by Derek Danielewski
Futuristic anti-gravity racing. Shields that can become damaged by collisions and damage from other racers’ weapons. Airbrakes to help you navigate corners. Getting progressively faster as you hit boosters dotted around the circuit. Thrust for extra speed.
Is this a retrospective review of the classic racing game Wipeout?
No, but you’d be forgiven for thinking that it was. This is Pacer. Pacer is the new game from indie studio R8 Games. It’s a combat racing game where the aim is to win at all costs, destroying or out-racing your opponents.
I have to say I was intrigued about this game. I loved Wipeout on the original Playstation, and if this game was anything like it, that would be pretty cool. So I sat down, loaded the game and had a good bash at it.
To be honest with you, there really isn’t a story here. You are a racer and you want to win races. You have a choice of vehicles, weapons and styling and you can upgrade it as you unlock options from the races you enter.
You can quickly play against 9 AI racers or go multiplayer and take on real racers.
Once you’ve selected your game mode, your vehicle and weapon options, it’s time to get racing.
You have a choice of tracks, some of which can be raced on right away and some unlock later. You take to the starting grid and line up against your foes. After a short countdown it’s lights out and away we go.
The game was originally going to be called Formula Fusion, and it’s clear there is a nod to Formula One. There’s also a nod to Mario Kart with power ups littered across the track.
The biggest influence on this game, by a country mile, is Wipeout. It would be entirely unfair to call this a clone, but let’s just say it’s a heavy influence on Pacer. A love letter, if you will. A throwback to the classic genre. The game mechanics, the look, the vehicles, the weapons, the boosts, the shield and damage all come from the classic that Pacer is trying to align itself with.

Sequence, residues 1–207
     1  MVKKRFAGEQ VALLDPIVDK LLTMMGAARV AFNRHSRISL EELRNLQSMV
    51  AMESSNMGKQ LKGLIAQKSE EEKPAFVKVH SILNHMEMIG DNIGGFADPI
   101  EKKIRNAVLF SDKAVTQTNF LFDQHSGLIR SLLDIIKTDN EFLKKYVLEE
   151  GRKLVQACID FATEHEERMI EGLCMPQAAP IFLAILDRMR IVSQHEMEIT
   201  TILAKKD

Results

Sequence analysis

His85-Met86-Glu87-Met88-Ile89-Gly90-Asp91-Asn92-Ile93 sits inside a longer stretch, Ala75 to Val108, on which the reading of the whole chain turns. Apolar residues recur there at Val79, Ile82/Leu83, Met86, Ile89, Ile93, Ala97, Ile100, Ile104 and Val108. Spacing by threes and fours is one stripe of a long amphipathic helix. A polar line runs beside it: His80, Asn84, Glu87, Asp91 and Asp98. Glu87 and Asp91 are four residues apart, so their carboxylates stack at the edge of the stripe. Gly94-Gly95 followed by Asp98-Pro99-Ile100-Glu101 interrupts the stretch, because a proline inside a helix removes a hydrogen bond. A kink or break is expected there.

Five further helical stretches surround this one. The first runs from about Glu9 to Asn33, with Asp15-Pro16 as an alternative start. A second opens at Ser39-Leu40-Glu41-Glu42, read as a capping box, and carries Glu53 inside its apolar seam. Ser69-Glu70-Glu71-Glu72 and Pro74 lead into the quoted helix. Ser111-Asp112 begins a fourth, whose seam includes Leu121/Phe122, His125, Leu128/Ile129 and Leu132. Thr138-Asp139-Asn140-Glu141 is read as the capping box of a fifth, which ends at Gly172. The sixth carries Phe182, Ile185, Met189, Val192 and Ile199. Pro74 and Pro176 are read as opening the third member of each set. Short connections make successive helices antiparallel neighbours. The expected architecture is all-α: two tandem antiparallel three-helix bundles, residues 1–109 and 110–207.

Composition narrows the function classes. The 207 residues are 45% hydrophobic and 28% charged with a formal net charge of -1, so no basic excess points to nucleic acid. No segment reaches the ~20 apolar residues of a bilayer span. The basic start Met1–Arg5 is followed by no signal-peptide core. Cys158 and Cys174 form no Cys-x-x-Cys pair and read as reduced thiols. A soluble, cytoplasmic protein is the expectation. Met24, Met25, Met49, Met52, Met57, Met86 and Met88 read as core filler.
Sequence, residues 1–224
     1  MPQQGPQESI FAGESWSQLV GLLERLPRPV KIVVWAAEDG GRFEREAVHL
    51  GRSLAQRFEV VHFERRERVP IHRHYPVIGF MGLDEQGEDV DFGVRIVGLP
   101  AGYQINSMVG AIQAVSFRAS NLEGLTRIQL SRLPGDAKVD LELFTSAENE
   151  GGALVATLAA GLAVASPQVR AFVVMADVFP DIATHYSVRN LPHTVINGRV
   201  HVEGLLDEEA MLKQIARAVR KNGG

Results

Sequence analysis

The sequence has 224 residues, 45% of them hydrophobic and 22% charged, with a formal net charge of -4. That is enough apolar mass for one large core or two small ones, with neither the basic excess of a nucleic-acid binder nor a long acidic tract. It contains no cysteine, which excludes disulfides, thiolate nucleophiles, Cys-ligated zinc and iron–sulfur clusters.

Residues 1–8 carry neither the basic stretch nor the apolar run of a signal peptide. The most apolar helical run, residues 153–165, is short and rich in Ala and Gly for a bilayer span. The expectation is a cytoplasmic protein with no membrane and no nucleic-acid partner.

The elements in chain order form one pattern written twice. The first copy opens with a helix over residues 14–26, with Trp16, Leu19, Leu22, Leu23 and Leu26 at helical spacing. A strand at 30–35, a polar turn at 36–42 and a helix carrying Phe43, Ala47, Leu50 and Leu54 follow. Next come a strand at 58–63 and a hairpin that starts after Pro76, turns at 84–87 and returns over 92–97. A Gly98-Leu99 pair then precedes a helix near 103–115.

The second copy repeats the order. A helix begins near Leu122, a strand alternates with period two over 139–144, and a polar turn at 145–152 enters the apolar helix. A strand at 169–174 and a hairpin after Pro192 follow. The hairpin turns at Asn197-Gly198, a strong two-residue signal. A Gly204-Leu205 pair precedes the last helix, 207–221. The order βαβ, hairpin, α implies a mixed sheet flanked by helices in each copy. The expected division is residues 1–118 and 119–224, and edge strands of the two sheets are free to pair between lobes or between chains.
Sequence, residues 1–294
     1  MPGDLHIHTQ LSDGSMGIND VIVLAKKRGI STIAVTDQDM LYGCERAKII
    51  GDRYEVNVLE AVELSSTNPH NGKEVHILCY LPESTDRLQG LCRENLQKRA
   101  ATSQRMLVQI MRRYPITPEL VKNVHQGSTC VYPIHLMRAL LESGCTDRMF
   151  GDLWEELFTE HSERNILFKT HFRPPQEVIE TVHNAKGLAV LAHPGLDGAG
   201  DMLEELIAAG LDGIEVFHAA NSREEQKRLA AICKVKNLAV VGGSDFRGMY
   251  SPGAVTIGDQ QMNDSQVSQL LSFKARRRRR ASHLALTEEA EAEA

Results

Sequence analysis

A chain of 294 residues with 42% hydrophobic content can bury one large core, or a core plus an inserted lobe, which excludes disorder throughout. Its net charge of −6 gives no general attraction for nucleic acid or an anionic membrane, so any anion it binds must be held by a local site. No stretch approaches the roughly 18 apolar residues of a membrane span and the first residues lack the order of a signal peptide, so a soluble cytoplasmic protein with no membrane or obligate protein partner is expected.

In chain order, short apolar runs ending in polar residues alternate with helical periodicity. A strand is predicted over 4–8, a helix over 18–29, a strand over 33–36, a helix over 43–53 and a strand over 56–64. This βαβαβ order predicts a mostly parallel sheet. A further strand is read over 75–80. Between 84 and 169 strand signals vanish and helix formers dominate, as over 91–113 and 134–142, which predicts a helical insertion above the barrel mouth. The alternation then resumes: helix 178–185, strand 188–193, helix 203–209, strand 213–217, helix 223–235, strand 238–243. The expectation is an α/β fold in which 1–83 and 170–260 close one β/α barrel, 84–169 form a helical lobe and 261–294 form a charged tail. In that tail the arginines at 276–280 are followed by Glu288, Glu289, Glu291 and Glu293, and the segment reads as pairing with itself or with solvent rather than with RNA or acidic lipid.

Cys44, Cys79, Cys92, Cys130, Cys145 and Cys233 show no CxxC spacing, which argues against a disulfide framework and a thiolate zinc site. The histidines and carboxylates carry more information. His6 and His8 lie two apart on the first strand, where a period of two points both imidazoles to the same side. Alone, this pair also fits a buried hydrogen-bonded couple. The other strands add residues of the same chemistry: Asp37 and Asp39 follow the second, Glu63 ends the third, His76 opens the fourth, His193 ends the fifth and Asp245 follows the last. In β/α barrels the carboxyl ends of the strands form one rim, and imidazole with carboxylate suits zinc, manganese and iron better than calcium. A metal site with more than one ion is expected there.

It’s fair to say that Pacer isn’t breaking any new ground here, but it does have a few unique points.
In terms of game modes, there are a few to choose from. You can choose standard racing, Endurance (which is how far you can go with checkpoints and timer boosts), Storm (in which you are being chased like a battle royale Stormfront) and more.
The only thing I wasn’t too happy about in terms of game mechanics was the controller layout. The standard configuration is that X is your accelerator and Square is your airbrake. This would have been much better if they were your right and left triggers.
Music and Graphics
Pacer’s graphics are lovely. Fresh designed tracks, lots of neon. It looks fine when going faster (even at insane speed) and the tracks are well designed and vary in look. Really well done here by the developers.
However, what really makes this game shine is the music. A full, fresh OST by Tim Wright (who produced the music for the Wipeout series) is a lovely touch here and firmly puts those rose-tinted glasses on you. It fits well with the feel and look of the game.
I particularly enjoyed the immersion between the pulsating music and the fresh graphics while playing this game. You get a bit lost in the rabbit hole and a few hours are gone before you notice it.
If you were looking at Pacer being something new and evolving the genre, then you’re going to be disappointed.
It was supposed to be, and is, a love letter to the Wipeout series. Viewed from that prism, it’s an unqualified success. It blends the best bits of the series with a few unique twists. It’s clear that there is a lot of love for Wipeout here, as well as the other influences mentioned earlier.
I had a lot of fun blasting racers, getting 27 overtakes in a single race and still finishing 5th. A few times I got destroyed by AI racers and it was a good way to spend a couple of hours.
It’s well worth having a blast at it, even if you aren’t from the original Playstation generation.
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